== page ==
How I Do Page Level Meta Tags With Docpad

DocPad is a fantastic Node-based tool for generating static web sites.  I have used it on a couple of simple, content only web sites and it gives you all of the needed tools for templates, programmability and creating reusable components.  For all of those sites that don’t really need any server side functionality, it’s a great alternative that leaves you with a set of web site files that you can host right on Amazon S3.

In my time with DocPad I have only found one missing feature built in support for page level meta tags.  Search engine optimization is constantly changing and new features such as Open Graph and Twitter card tags are absolutely necessary for the visibility of your content on social media.  If you’ve combed through the DocPad documentation like I have then you have no doubt come across DocPad’s meta block as a potential solution.  Except the meta block strangely does not allow you to add meta tags to it as is the case with the style and script blocks.

I came up with another solution using the document meta data in DocPad that works great for me.  Here’s how it works:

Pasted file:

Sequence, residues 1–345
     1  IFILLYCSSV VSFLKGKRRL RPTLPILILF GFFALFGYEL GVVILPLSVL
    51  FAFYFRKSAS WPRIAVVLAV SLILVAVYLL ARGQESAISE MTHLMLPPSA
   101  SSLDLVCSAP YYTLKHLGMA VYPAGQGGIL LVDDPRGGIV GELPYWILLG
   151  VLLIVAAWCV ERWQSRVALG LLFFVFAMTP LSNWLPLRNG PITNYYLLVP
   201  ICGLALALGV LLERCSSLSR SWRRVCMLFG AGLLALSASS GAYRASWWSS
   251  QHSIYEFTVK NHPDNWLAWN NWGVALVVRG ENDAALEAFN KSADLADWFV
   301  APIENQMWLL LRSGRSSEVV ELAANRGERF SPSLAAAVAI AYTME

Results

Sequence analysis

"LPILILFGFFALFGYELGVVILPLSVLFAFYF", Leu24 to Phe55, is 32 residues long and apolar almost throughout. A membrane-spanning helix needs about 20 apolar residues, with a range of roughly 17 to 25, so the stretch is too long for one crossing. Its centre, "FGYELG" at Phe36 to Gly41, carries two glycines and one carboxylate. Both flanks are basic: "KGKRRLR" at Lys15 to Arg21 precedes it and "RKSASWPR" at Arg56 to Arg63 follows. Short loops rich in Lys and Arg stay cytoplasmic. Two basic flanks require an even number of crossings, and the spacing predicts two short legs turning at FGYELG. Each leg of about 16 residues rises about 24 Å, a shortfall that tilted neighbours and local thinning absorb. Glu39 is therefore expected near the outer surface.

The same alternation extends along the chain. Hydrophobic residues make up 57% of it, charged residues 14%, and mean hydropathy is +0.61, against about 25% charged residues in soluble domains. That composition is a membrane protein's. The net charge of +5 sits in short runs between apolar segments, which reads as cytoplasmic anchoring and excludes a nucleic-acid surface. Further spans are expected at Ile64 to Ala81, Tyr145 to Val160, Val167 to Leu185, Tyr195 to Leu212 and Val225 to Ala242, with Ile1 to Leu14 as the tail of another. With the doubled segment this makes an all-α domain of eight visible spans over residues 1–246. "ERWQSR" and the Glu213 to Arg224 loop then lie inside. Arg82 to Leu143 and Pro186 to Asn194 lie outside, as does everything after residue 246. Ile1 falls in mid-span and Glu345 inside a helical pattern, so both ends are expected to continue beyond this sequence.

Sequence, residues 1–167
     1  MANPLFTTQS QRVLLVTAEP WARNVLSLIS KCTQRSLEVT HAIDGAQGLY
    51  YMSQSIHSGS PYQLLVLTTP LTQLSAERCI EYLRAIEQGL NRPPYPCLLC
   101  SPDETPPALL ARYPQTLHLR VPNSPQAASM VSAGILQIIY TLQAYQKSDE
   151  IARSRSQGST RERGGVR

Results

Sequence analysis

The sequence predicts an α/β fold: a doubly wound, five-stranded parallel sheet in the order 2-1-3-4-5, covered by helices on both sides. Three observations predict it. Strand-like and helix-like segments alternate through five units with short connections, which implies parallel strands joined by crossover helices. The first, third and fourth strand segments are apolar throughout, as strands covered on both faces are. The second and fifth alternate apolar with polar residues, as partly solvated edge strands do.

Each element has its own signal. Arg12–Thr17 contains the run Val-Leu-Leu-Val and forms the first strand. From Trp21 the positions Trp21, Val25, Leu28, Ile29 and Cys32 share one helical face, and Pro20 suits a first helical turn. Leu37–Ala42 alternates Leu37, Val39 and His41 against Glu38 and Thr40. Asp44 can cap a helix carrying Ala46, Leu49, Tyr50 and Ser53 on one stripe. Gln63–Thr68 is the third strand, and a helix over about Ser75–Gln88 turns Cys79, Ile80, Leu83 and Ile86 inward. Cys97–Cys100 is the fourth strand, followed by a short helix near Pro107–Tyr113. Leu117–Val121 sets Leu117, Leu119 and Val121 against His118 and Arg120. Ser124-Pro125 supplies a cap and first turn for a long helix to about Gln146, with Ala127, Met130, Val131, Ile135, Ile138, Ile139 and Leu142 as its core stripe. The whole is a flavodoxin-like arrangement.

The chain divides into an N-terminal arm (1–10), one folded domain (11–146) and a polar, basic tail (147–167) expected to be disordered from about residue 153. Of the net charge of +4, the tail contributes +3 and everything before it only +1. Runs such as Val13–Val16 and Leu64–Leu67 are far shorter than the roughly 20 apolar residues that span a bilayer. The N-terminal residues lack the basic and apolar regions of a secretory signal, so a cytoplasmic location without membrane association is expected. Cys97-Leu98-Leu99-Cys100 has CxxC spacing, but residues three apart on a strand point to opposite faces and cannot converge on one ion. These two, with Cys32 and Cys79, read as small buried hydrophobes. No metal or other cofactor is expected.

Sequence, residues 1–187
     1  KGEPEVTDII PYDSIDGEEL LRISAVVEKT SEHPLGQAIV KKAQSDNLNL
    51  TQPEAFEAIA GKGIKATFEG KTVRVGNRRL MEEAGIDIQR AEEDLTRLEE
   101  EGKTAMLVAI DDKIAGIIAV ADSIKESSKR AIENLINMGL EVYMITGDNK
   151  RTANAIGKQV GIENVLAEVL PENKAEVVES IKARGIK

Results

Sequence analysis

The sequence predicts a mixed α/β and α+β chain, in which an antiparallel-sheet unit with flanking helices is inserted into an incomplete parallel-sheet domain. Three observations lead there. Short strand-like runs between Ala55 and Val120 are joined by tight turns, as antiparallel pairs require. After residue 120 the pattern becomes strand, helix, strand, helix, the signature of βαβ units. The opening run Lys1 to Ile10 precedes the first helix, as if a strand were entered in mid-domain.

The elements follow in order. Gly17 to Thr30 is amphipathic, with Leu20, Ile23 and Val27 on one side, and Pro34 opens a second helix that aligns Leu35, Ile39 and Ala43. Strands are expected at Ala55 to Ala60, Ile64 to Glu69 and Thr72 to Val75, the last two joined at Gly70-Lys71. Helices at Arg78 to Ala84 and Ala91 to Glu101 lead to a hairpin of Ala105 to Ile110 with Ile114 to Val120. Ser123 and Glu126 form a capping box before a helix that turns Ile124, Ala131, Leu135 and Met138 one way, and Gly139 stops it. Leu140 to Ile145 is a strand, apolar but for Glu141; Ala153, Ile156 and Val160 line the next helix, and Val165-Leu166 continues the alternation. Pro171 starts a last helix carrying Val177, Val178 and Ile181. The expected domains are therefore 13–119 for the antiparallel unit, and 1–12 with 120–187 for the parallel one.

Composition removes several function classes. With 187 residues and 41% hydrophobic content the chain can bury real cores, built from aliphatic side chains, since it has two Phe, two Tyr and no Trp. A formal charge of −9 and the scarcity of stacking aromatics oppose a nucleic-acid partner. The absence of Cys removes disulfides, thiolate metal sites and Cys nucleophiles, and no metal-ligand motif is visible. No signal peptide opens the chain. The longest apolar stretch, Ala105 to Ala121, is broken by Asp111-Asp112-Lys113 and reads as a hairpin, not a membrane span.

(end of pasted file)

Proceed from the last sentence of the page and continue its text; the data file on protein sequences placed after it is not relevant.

In Your Layout File

Your layout file should define all of the meta tags that will have the same values across the entire site and then pull in the page level values from the document.  Here’s an example of what I do:

<meta property="og:locale" content="en_US" />
<meta property="og:type" content="<%= if @document.url == "/index.html" then "website" else "article" %>">
<meta property="og:title" content="<%= @document.heading %>" />
<meta property="og:description" content="<%= @document.description %>" />

In the example above you can see that the og:locale tag is set to a static value, since that will stay the same across all pages. The og:type tag will choose between website or article depending on if it is the home page or not. Finally, I have the og:title and og:description tags pulling from my custom document metadata that we will add next.

In Your Documents

No configuration is required to add items to a document’s meta data on the fly.  All you have to do is update each file and define the meta data you need, then save and regenerate.  If you haven’t yet defined these, it’s no problem. Your generated output will leave them blank in the meantime.  Here’s the top of an example document:

title: "Home"
layout: "default"
isPage: true
heading: "My Home Page"
description: "A description for the home page."

…Your HTML content here.

When your site is generated, the heading and description meta data will be pulled into the meta tags that we set up in the layout file.  This method works great for me.  I only define information on the page level that is specific to that page.  It’s right where it should be.

CodeCalculated Web Site Launch!

For the launch of CodeCalculated, I have built an entirely new web site.  I wanted to throw together a blog post that goes in depth on the technologies that were used and a little bit about the development workflow.